, Volume 25, Issue 1, pp 607–617 | Cite as

Preparation and performance comparison of cellulose-based activated carbon fibres

  • Kanza Hina
  • Hantao Zou
  • Wu Qian
  • Danying Zuo
  • Changhai Yi
Original Paper


Activated carbon fiber (ACF) is widely used sorbent material for wastewater treatment. Three natural cellulosic fibres (kapok, cotton, and ramie) and three regenerated cellulosic fibres (bamboo fiber, viscose, and lyocell) are used to prepare ACFs using chemical activation. These ACFs are characterized using scanning electron microscope, X-ray diffraction (XRD), Fourier transform infrared spectroscopy (FTIR) testing, elemental analysis, adsorption property and nitrogen adsorption–desorption. XRD and FTIR spectrum of all six cellulosic ACFs are almost similar showing that ACFs have almost same chemical and physical composition. All cellulosic ACFs are constituted of C, H, ash and O, but C content is higher in natural cellulosic fibres. Surface morphology and surface area of cellulosic ACFs play the basic role in adsorption. The 2nd order pseudo kinetic model is fitted for all cellulosic ACFs as R2 > 0.99 and adsorption controlling process is chemical sorption. The adsorption capacity of the kapok-based ACFs is best, owing to their hollow structure, the micropores on surface and high specific surface area. Bamboo, ramie and cotton based ACFs also have high adsorption but they need more time to adsorb impurities than kapok based ACFs. Viscose based ACFs shows moderate adsorption, while the least adsorption is shown by the lyocell based ACFs because of their smooth and uniform structure. Adsorption analysis and other properties evaluation show that kapok fiber is the best precursor than other five cellulosic fibres.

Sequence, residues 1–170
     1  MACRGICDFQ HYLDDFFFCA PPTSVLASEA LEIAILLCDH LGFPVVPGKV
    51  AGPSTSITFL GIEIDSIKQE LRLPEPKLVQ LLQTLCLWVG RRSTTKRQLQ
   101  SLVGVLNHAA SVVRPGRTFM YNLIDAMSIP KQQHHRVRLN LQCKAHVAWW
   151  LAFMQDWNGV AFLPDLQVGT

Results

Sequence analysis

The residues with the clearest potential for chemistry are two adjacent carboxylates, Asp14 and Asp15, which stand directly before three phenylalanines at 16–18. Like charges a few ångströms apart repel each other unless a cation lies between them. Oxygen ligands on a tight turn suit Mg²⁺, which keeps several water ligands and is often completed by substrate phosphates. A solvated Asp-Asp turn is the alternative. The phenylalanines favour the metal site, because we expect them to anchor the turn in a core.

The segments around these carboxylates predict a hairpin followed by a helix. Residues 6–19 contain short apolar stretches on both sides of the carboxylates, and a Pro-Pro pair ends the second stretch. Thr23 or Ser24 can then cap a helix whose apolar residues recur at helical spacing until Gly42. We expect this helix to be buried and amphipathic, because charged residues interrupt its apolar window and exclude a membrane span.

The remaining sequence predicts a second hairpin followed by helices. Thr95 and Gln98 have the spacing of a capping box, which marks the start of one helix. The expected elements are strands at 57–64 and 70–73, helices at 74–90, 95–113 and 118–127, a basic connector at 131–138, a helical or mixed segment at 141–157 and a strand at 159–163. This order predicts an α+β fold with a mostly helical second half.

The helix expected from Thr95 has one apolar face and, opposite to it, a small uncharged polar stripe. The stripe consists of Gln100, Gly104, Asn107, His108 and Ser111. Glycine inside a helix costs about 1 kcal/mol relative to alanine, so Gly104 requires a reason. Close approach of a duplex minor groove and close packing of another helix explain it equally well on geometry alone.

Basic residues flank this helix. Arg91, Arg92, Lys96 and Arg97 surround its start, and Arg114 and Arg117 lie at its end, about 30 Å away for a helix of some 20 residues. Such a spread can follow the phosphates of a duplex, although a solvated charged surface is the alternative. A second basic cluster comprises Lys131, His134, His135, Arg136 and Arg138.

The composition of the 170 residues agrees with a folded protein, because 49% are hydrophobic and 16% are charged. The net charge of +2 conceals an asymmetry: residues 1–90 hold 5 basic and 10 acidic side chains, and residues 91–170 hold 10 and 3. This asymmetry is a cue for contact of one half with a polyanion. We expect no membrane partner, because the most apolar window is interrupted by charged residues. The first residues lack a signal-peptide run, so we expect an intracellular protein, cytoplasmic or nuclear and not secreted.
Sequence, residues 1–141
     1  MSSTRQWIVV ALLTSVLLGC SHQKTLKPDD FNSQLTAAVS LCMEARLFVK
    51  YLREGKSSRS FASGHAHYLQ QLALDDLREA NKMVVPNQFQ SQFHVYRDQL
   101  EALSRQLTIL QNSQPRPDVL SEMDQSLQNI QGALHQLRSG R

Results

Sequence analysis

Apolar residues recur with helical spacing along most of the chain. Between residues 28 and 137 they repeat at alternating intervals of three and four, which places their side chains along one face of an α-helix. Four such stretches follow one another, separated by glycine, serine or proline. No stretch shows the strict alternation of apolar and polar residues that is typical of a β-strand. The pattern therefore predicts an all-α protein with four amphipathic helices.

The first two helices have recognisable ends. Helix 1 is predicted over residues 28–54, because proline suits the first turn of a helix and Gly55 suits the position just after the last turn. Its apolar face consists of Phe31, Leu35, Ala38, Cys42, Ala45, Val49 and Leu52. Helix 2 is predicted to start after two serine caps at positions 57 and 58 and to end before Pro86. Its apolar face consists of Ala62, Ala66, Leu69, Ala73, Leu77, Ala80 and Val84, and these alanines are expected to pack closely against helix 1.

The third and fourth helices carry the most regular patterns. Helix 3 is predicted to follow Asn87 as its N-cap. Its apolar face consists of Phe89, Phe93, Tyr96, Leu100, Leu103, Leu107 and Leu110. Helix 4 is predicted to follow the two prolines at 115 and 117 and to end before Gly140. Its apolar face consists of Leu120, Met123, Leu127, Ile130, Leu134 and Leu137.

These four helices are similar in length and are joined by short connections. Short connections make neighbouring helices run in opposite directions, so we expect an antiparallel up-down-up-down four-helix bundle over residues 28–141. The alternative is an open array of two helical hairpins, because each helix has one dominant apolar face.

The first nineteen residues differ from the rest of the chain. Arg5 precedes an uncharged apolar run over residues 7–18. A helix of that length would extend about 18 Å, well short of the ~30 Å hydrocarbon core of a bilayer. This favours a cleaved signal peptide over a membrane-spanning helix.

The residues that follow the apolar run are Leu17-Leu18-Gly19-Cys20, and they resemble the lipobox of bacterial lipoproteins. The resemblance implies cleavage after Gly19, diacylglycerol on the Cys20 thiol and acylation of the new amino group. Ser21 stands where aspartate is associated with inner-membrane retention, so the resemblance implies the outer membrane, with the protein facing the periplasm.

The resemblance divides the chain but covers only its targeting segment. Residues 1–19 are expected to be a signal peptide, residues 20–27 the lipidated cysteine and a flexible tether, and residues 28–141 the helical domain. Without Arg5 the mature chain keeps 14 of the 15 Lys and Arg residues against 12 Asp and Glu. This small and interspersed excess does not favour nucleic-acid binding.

Cellulose-based ACFs Chemical activation Adsorption Absorption kinetics Specific surface area 



The financial support from the National Nature Science Fund of China (51303139) and the Scientific Research Foundation of Hubei Provincial Education Department (No: Q20121710) is greatly appreciated.


  1. Aber S, Khataee A, Sheydaei M (2009) Optimization of activated carbon fiber preparation from Kenaf using K2HPO4 as chemical activator for adsorption of phenolic compound. Bioresour Technol 100:6586–6591CrossRefGoogle Scholar
  2. Aharoni C, Tompkins EC (1970) Kinetics of adsorption and desorption and the Elovich equation. Adv Catal 21:1–49Google Scholar
  3. AlcaAiz-Monge J, Linares-Solano A, Rand B (2002) Mechanism of adsorption of water in carbon micropores as revealed by a study of activated carbon fibres. J Phys Chem B 106:3209–3216CrossRefGoogle Scholar
  4. Altenor S, Carene B, Emmanuel E, Lambert J, Ehrhardt JJ, Gaspard S (2009) Adsorption studies of methylene blue and phenol onto vetiver roots activated carbon prepared by chemical activation. J Hazard Mater 165:1029–1039CrossRefGoogle Scholar
  5. Avelar FF, Bianchi ML, Goncalves M, Mota JEG (2009) The use of Pissava fibres (Attalea funifera) in the preparation of activated carbon. Biosour Technol 101:639–4645Google Scholar
  6. Dąbrowski A, Podkościelny P, Hubicki Z, Barczak M (2005) Adsorption of phenolic compounds by activated carbon—a critical review. Chemosphere 58:1049–1070CrossRefGoogle Scholar